When I began writing my fantasy novel, The Charismatics, I never intended for it to grow into a series (one with a third book in the making, and potentially more afterward). I’m a pantser by nature (someone who doesn’t outline beforehand) and for me, the excitement of having no idea where the early drafts of my first and second books would go was intoxicating. I personally believe that some of my best plot twists come from the fact I hadn’t planned anything beforehand, but as I attempted to begin drafting my third book a few months ago, things took an abrupt and worrying turn. The words weren’t flowing, because I’d gotten to a place in the storyline where huge questions needed to be solved, yet I had no idea what the answers might be. It’s the risk an author takes when they don’t outline ahead of time, especially when multiple books are in existence: there are so many threads to keep track of that a lack of proper preparation is especially daunting, and you can write yourself into a corner. Since this is the first book series I’ve ever written, I wanted to share some of the small bits of “wisdom” (mistakes I’ve learned from) gathered over the past few years of writing and editing full time, in the hopes others might glean something for use in their own journeys.

1. Even if You’re Not an Outline, You are Eventually Going to Need a Plan

You might be able to get several books in without a definitive idea of where the series is going to end, but it will have to be wrapped up at some point—and you want the final conclusion to be one that’s logical and gratifying for the readers. That means answering every question that’s been asked in a way that makes sense, which can really only be done with an outline that’s detailed enough to avoid plot holes. They can still crop up (and most likely will), but if you’ve got a pretty solid sense of what the characters want and where the series is ending, you can keep from writing entire chapters that’ll have to be thrown out later.

2. Your Writing Will Improve Over Time and It’s a Good Thing to Cringe a Little When You Read Your Earlier Works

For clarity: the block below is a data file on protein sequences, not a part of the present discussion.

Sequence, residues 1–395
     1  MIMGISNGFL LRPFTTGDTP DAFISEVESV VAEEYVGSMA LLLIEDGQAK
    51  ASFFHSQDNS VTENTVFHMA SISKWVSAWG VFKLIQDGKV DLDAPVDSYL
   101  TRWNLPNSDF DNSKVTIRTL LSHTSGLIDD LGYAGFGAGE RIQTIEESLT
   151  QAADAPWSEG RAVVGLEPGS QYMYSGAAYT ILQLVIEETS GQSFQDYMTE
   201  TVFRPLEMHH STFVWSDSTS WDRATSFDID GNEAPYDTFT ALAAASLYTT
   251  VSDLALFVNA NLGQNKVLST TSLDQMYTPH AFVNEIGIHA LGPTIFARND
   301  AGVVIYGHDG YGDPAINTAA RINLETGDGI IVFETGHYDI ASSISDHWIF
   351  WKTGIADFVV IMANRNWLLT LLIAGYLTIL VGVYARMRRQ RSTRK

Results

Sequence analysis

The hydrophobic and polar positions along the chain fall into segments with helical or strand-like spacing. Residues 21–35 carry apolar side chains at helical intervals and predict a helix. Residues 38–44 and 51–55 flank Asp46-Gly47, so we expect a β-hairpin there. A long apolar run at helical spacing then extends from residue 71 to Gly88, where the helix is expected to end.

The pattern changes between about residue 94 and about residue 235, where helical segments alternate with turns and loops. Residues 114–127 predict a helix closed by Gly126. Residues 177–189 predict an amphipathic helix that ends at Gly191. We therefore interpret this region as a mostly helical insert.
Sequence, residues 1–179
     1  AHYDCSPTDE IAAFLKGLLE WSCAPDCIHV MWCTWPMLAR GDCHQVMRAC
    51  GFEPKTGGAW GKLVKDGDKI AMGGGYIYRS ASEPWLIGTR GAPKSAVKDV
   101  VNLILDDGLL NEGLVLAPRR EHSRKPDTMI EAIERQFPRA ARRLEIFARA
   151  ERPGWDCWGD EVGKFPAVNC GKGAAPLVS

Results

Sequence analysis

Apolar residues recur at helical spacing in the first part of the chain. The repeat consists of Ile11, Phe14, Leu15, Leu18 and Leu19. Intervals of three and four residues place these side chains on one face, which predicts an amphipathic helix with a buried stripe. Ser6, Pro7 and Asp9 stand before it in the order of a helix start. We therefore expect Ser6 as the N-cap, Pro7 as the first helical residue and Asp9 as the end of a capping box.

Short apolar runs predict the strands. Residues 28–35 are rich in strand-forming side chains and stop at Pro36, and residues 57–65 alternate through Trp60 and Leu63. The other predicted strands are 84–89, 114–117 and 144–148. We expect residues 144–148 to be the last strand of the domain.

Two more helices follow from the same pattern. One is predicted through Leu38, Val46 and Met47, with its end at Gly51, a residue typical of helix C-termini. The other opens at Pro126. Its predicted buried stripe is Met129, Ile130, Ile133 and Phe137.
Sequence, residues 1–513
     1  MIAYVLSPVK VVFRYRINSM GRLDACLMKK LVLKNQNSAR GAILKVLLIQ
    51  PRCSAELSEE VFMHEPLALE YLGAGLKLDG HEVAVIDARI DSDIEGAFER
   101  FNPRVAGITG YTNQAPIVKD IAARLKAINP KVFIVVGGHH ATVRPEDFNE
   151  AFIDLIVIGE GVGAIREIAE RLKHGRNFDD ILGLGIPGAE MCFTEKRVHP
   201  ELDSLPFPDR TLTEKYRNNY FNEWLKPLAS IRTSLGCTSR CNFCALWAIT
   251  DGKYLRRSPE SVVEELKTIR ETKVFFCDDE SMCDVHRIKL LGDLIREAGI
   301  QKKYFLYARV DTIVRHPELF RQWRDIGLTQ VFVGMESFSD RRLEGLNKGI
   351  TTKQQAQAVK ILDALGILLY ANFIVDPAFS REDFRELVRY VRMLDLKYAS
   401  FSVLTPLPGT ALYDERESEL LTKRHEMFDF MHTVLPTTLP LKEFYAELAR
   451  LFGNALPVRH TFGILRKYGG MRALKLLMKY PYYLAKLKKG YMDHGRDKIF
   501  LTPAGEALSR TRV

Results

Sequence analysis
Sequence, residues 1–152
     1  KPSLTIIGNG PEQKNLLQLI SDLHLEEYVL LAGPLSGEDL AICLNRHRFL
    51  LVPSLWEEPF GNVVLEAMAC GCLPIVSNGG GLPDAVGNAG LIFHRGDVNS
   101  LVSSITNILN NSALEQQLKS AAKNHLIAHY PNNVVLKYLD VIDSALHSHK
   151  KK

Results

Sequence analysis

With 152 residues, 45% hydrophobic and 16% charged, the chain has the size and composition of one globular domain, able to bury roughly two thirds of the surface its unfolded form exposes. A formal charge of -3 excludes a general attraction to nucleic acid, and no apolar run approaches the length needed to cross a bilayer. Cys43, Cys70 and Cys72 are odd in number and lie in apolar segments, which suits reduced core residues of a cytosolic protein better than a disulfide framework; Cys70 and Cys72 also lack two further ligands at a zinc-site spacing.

Nothing is more painful for an author than to read over their previous books, which is oftentimes essential when continuing a series to refresh one’s memory. Sure, there are various passages that might bring about pride or at least a quiet sense of satisfaction, but overall it’s just an uncomfortable procedure that needs to be done (much like a root canal). The upside to these agonizing few days or weeks when rereading earlier books is to have a chance to analyze those weaker parts of your manuscripts like clichéd characterization and generic vocabulary, and feel confident in the fact your writing has become more refined.

3. Just as Every Child is Different, the Process for Each Book is Unique and Unpredictable

This has been the most illuminating lesson for me so far and it is important to remember when embarking on a new book. There’s no exact formula to crafting a new manuscript (at least, not one with the organic creativity that springs from unbridled imagination), and while a specific process is certainly something to make use of, you shouldn’t feel like you’ve “lost your touch” or that the story needs to be written a certain way. Perhaps you need a more detailed outline for the second book or the fourth one in your series requires a serious overhaul from a different point of view than originally intended. Writing can be terrifying, intimidating and exhilarating all at once, but never forget that the end product of a world you created from your own mind is pure, distilled magic.

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